The countdown has begun for NASA’s OSIRIS-REx mission to land on asteroid Bennu, a massive space rock zooming through the solar system at a distance of 334 million kilometers (over 200 million miles) from Earth.
The mission’s primary objective is to make its way to the surface of the asteroid, remain there for a few seconds, long enough for the spacecraft’s instruments to extend, collect surface samples from the asteroid before its thrusters take it back into space and orbit around Bennu.
The mission is of great importance since if it succeeds, it will mark the first time NASA will land a spacecraft on the surface of an asteroid, collect samples from it, and return it into space. If everything goes according to plan, the spacecraft is expected to begin its journey back home, carrying the alien samples with it.
Mission specialists have revealed that the spacecraft has been programmed to begin its descent onto the surface of the asteroid on Tuesday, October 20. The mission event, dubbed TAG, which stands for Touch-and-go, is expected to begin at 10:12 UTC when OSIRIS-REx begins its journey towards the asteroid’s rugged rocky surface.
This series of programmed maneuvers will take the spacecraft to the Nightingale site, an area of around 14 meters in diameter in the northern hemisphere of Bennu, where the spacecraft’s robotic sampling arm will attempt to collect some of the material from the asteroid’s surface.
The Nightingale site was selected as the mission’s primary sampling site because it contains the most fine-grained material free of obstructions. However, even though Nightingale contains materials that are likely easily collectible by the spacecraft’s robotic arm, NASA has revealed it is surrounded by building-sized rocks, which make this attempt at landing a daring one.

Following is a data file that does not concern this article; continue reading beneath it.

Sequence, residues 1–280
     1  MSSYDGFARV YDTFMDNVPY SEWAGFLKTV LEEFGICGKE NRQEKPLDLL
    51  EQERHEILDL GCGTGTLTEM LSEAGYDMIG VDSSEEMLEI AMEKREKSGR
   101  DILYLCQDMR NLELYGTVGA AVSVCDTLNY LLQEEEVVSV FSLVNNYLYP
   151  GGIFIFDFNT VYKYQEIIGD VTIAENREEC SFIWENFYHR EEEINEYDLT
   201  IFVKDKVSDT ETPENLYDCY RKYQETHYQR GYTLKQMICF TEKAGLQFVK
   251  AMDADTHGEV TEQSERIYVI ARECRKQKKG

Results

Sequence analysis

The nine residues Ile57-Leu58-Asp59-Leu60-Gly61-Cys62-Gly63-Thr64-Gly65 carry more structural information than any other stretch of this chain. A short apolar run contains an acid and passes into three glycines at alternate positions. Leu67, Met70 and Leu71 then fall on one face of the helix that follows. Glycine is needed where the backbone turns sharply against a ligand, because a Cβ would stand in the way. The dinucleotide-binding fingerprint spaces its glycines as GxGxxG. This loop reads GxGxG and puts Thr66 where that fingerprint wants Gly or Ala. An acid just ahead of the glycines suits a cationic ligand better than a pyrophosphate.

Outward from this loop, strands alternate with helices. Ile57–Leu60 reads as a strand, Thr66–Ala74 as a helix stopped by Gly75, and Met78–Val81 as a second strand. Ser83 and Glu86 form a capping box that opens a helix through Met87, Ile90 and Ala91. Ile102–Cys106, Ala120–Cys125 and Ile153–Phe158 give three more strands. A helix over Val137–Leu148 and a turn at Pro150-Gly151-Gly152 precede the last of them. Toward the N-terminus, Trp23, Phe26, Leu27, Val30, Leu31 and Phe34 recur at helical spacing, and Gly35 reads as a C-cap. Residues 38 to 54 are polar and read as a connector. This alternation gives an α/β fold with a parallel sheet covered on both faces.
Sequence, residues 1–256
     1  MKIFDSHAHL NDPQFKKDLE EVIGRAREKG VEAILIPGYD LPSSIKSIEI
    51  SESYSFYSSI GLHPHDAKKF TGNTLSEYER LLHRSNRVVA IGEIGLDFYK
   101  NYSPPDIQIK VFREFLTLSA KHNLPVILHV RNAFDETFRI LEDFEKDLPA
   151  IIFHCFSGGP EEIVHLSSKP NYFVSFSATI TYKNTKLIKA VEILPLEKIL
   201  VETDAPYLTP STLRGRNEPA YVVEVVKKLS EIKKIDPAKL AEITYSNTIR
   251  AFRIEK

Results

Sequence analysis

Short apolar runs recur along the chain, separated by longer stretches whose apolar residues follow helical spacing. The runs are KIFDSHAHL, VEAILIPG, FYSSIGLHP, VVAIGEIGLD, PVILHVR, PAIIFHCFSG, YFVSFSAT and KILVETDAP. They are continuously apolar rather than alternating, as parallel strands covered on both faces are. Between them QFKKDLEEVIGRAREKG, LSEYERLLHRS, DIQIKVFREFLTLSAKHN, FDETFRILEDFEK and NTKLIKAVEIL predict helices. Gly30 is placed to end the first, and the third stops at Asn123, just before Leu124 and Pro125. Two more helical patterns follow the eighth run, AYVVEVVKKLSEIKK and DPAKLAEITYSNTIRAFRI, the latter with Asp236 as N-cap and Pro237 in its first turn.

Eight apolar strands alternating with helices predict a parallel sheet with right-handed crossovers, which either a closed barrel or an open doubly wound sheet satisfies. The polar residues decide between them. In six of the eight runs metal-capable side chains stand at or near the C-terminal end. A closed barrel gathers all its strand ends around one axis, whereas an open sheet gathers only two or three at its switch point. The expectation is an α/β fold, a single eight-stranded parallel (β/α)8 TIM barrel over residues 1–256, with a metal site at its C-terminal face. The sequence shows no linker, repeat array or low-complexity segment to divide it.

During the sampling event, the spacecraft which is the size of a large truck will attempt to land in an area that is only the size of a few parking spaces and only steps away from some of these largest boulders on the asteroid’s surface, NASA revealed in a statement.
The TAG event is expected to last 4.5 hours, which will see the spacecraft descend to the surface, collect the samples, and make its way back into space.
As explained by NASA, the spacecraft’s descent sequence begins with OSIRIS-REx firing up its thrusters for a maneuver to leave its safe-zone approximately 770 meters from the surface of Bennu.
The spacecraft will travel towards the asteroid’s surface for four hours, and before touching down, it will need to clear two checkpoints.
It will perform its first checkpoint maneuver at a distance of 125 meters above the surface. The spacecraft will adjust its position and speed relative to the asteroid to land on its designated position accurately.
Some 11 minutes after the first “checkpoint,” the spacecraft will perform its second maneuver doubled matchpoint, during which the spacecraft will be located at an altitude of 54 meters above the surface. It is during “matchpoint” when the spacecraft will begin to decelerate and make final adjustments in order to touch down smoothly on the surface.
You can see how all of the above will occur in the video animation below.
If, for some reason, things don’t go according to plan, and the descent towards Bennu is met with obstacles or the spacecraft fails to meet its landing criteria, there’s a backup plan that can be triggered with the spacecraft just 5 meters away from the surface. The navigation system of OSIRIS-REx is equipped with a hazard map of the landing site. This chart delineates areas within the sample site that can be potentially dangerous for the spacecraft.
If the NFT system detects that the spacecraft approaches an area that can damage the vehicle, it will abort the landing; this will keep the spacecraft safe and allow for another attempt at collecting samples to be made on a different date.
Nonetheless, we hope that everything goes to plan and that the mission will be another accomplishment by NASA in our effort to understand our solar system.
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